What Is a Midwife and What Do Midwives Do?
The word midwife means “with woman,” and throughout history midwives have been caring for women. The midwifery philosophy is to view pregnancy and birth as normal life events, and their role is to support women during this healthy time in their lives.
But midwives do much more than provide care for pregnancy, labor, and delivery.
The role of midwives
Midwives have expert knowledge and skill in caring for women throughout pregnancy, birth, and the postpartum period. The role of the midwife is to offer care that respects the goals and choices of each individual woman and her family. A midwife will:
- help a woman make decisions regarding on how to cope with labor
- explain pain relief options
- help women develop a birth plan that fits their individual needs and desires
- discuss realistic expectations about labor and delivery
- suggest position changes and movement that will facilitate birth
Depending on their training, midwives may also offer health services to women through all stages of life – from the teenage years through menopause. A certified midwife can provide:
- general health check-ups
- well-woman gynecologic care
- treatment for common infections
- treatment for sexually transmitted infections
- pain control
- birth control
Three types of midwives and midwife training
There are three types of midwives who practice in the United States. There are some differences in their training and what services each type of midwife may offer.
Certified Nurse Midwives
Certified nurse midwives (CNMs) have a college degree in nursing and a master’s degree in nurse-midwifery. CNMs:
- graduate from an accredited nurse-midwifery education program
- pass a national certification exam
- must have a license to practice midwifery in the state where they work and all 50 states license CNMs
- work in all healthcare settings including hospitals, birth centers, offices, and clinics
- provide general women’s healthcare throughout a woman’s lifetime
- can prescribe most medications
- represent most midwives in the U.S.
Certified midwives (CMs) have a bachelor’s degree in a field other than nursing and a master’s degree and:
- have the same midwifery education and pass the same national certification exam as CNMs
- provide the same services and work in the same settings as CNMs
- must have a license to practice in the state where they work but not all states license CMs
Certified Professional Midwives
Certified professional midwives (CPMs) either receive apprenticeship training or graduate from an accredited formal education program, and
- take a national certification exam but not the same exam taken by CNMs or CMs
- provide pregnancy, birth, and postpartum care only
- provide care outside of the hospital setting, often in birth centers or homes
- cannot prescribe most medications
- are not licensed in all states
Facts about midwives you should know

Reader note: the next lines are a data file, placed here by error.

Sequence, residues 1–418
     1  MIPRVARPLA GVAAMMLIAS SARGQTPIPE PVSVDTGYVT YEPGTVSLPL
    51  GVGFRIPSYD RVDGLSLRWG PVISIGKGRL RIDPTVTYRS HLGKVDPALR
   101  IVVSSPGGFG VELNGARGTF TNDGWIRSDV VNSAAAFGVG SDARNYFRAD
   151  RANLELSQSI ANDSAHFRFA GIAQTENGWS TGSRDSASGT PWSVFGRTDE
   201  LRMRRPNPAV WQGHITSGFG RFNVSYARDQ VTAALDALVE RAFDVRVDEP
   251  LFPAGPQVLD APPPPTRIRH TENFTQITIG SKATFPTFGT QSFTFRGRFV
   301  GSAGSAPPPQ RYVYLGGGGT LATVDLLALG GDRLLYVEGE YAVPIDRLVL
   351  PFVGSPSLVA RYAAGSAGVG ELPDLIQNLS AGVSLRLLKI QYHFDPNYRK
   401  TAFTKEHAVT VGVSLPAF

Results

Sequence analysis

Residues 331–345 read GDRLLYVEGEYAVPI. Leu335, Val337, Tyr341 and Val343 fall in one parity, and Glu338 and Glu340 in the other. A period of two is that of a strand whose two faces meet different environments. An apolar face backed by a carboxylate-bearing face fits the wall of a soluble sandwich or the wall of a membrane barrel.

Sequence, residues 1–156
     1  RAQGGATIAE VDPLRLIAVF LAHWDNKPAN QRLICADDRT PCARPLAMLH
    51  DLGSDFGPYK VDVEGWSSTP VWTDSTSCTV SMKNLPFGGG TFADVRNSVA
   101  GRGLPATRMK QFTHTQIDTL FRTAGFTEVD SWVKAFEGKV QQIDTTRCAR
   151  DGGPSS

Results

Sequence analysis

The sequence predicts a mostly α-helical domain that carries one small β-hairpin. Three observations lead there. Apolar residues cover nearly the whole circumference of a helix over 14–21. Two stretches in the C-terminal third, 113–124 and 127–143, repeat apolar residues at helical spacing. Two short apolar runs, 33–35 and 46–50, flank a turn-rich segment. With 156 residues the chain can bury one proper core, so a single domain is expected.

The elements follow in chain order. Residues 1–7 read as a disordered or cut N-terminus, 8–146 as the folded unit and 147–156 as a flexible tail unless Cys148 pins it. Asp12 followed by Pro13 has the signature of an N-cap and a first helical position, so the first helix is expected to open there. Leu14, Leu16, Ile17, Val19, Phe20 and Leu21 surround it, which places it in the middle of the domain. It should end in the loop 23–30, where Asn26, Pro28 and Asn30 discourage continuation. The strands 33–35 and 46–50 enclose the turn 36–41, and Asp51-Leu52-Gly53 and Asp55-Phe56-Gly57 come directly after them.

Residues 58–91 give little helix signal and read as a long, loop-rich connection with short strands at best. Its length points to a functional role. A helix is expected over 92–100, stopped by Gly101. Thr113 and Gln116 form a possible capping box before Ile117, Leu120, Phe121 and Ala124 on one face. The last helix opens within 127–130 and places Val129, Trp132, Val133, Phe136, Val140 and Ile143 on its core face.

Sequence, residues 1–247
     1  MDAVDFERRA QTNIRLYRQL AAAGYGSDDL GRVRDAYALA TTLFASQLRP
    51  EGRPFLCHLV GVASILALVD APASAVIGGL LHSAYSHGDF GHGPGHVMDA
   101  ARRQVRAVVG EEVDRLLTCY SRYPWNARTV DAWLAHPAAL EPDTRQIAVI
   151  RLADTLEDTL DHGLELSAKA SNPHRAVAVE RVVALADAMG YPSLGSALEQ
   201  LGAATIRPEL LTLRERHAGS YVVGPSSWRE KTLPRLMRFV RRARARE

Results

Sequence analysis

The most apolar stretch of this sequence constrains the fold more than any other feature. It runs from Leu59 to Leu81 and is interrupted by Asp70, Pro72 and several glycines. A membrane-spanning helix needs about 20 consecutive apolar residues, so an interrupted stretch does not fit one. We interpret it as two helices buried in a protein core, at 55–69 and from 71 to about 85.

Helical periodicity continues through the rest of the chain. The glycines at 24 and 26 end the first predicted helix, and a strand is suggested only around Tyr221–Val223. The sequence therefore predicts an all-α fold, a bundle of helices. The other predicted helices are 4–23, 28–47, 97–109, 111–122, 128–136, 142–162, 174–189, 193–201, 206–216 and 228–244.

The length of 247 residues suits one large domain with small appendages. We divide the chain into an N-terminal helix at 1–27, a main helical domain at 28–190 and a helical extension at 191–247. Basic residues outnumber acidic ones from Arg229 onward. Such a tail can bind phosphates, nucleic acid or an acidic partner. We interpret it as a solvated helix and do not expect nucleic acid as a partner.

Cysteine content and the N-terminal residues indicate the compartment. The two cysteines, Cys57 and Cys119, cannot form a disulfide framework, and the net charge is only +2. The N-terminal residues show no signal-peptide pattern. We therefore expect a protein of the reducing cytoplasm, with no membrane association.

- All three types of midwives provide care to women during pregnancy, labor, birth, and the postpartum period
- CNMs and CMs are also licensed to provide general health services, annual checkups, birth control, menopausal care, and treatment for common infections
- CNMs and CMs care for about one of every ten women who give birth each year in the United States and most of these births are in the hospital
- Each type of midwife can provide care for women who choose to deliver at a birth center or at home
- In the United States midwives provide health services to women of all ages
Midwives collaborate with other specialists
Midwives pride themselves in knowing the difference between normal changes that occur and symptoms that require attention. They work in partnership with physicians who specialize in complications of pregnancy and can be available if needed.
If a woman has a medical problem or complication during labor, the midwife collaborates with the physician to ensure that the woman has the best and safest care for her and her baby. A midwife will also work with other providers, including nurses, social workers, nutritionists, doulas, childbirth educators, physical therapists and other specialists as needed for each individual woman.
The rewards of being a midwife
The most rewarding part of being a midwife is the honor and privilege to be with a woman during one of the most important moments of her life: the birth of her baby. I share in the excitement of hearing the baby’s heartbeat for the first time, the journey through pregnancy, and the magic of childbirth. Every woman’s journey is unique, and it’s the duty of the midwife to guide her safely to her new role as a mother.
Learn more about the individualized services midwives provide at Newport Women’s Health Services.
About the Author:
Karolyn Zambrotta, CNM
Karolyn Zambrotta, CNM, is a board-certified nurse midwife. She received her MS degree in nursing from the University of Rhode Island, and has decades of experience, first as an obstetrics nurse and then as an advanced practice nurse midwife at hospitals in Rhode Island and Massachusetts.
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